It’s quite a site to see our county’s history and heritage in a bottle on a store shelf, and we are mighty grateful to all the support we’ve gotten from thousands of you who have visited our distillery since we opened in March.

We also want to thank all the retail store owners and their family and friends who came out to our official Middle Tennessee launch party last night at City House. The crowd was about twice what we expected, but Peg Leg Porker Pitmaster Carey Bringle kept everyone delightfully stuffed with a whole pig. The Jake Leg Stompers brought the Bluegrass while the DrinkMusicCity crew kept drinks flowing with four new Moonshine cocktail recipes we’ll share with you in a couple of days.

Here are a few stores that carry Short Mountain Shine in the Middle Tennessee region. Follow us on Facebook for future launch parties in Knoxville, Memphis and Chattanooga!

Stones River Total Beverage Smyrna’s Divine Wine & Spirits Bill’s Package (Manchester) Bubba’s Wine & Liquors
Celebration Liquors Center Point Liquors Champion Discount Cheers Wine & Liquor (Gordonsville)
Cheers Wine & Liquor (Lebanon) Sinker’s Wine & Spirits CNG Wine & Spirits Del Rio Wine & Spirits
Discount Liquor & Wine (Melrose) Fuzzy Duck Liquors Red Dog Wine & Spirits Hudson’s Wine & Liquor
Jackson’s Bar & Bistro LaVergne Beverage Depot TLC Liquors & Wine Liquor World (Nashville)
Major Discount Liquors Murfreesboro City Limits Murfreesboro Wine & Spirits Oasis Package Store
Old Hickory Wine Parkway Wine & Spirits Short Mountain Distillery Metropolitan Wine & Spirits
City House Stones River Liquors Interstate Liquors Spirits of Nissan Drive
Meadows Liquor Midstate Wine & Spirits Oak Liquor Store Old Fort Liquor & Wine
Longhorn Liquors 96 Liquor & Wine Joe’s Liquor University Package Shop
Gordonsville Discount Liquors Boro Liquors Center Point Liquors Southern Spirits Discount
Social Delberts Wine & Spirits Crossroads Wine & Spirits Chill Wine & Spirits
Favorite Liquors Carroll Street Liquor Store Wine Chap All American Wine & Spirits
Smyrna Liquors Jefferson Wine & Liquor Woodland Wine Merchants Parkway Package
Riverbend Package Store Riverbend Wine & Spirits Liquor Locker J. Barleycorn’s Wine & Spirits
North Jackson Wine & Spirits Nashville Daily Spirits Mulligan’s Wine & Spirits Whiskey Bent Saloon
Sango Wine & Spirits Mr. Whiskers Grace’s Plaza Wine & Spirits Riverstone Wine & Spirits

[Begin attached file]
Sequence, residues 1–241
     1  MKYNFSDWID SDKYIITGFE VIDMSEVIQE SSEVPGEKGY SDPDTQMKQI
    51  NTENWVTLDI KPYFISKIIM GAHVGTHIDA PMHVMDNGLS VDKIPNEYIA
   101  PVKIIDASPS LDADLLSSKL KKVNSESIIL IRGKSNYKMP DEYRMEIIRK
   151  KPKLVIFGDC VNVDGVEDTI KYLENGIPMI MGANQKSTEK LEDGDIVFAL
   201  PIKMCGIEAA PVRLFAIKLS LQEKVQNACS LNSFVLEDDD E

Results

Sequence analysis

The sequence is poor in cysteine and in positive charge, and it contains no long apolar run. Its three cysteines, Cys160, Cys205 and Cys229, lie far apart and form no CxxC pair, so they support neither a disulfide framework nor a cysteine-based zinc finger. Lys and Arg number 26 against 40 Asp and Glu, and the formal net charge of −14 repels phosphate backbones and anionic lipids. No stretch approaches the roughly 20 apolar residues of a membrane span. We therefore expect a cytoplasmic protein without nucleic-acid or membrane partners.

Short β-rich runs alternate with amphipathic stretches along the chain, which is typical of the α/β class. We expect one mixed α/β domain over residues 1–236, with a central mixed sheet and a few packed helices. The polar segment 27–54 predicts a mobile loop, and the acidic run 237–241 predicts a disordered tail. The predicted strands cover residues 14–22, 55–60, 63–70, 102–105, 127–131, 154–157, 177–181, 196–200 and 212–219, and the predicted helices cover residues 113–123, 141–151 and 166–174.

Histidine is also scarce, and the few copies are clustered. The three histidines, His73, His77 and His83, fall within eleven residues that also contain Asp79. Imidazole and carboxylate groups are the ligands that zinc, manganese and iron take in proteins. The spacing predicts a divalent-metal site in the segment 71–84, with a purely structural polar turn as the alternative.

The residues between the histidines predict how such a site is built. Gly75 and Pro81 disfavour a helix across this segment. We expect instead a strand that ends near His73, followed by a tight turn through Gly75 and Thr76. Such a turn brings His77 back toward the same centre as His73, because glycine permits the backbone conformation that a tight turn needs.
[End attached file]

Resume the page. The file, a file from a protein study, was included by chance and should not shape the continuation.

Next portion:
Liquor Locker Frugal Macdoogal Queen City Liquors Play Dance Bar
Gaylord Opryland Hotel Hillsboro Village Wine & Spirits Sinker’s Wine & Spirits Bluegrass Beverages

Trucker’s Pride – organic open pollinated corn

Our Moonshiners tell us Trucker’s Pride is about as good as it gets when looking for a variety of corn to make shine, but it’s a little hard to come by, so we’re making our own.

In this video, Short Mountain Distillery’s John Whittemore talks about the choices we make in farming practices. Special thanks to Jeff Schuler for shooting and sharing this video.

Moonshine heritage of Cannon County Tennessee

Making moonshine is still illegal without the proper licenses and nod to the revenuers, but scenes like this are certainly more rare than they used to be.

That’s Pharis Macon Conley on the left kneeling behind several gallons of confiscated moonshine with a fellow Cannon County deputy. Conley severed three terms as Sheriff of Cannon County from 1948-1954 and saw his share of moonshine busts.

Fast-foward … (Moonshine: The Next Generation, Short Mountain Distillery Creating Legal Beverage):

The corn liquor it produces is not just any moonshine, but the moonshine your grandparents may have drunk. This is because Short Mountain employs three of the best moonshiners this area has to offer: Ricky Estes, Jimmy Simpson and Ronald Lawson. The three of them have given up their days of illegal wildcatting. Judging by the smile on Lawson’s face (who was on the property the day of our visit), it seems to be working out well for them. Along with head distiller Josh Smotherman, they make a quality product that meets all legal requirements. Now that’s a brand new angle; the revenuers like the moonshiners.

… to today (Moonshine Monday: Short Mountain Distillery)

Kaufman says, “When we opened, we already had 150 years of distilling experience thanks to these three guys.” Where Smotherman has access to all the technology that he needs for large-batch production, the moonshiners track the progress of the steam through the pipes as the alcohol boils off and then condenses by feeling the temperature of the copper pipes, listening to the hiss of the vortex in the pot still and watching the bubbles in the Carlo Rossi jugs they use to trap their lovely corn likker as it drips out of the outlet of the still.

Short Mountain Distillery announces Grand Opening

March 9th, 2012 1 comment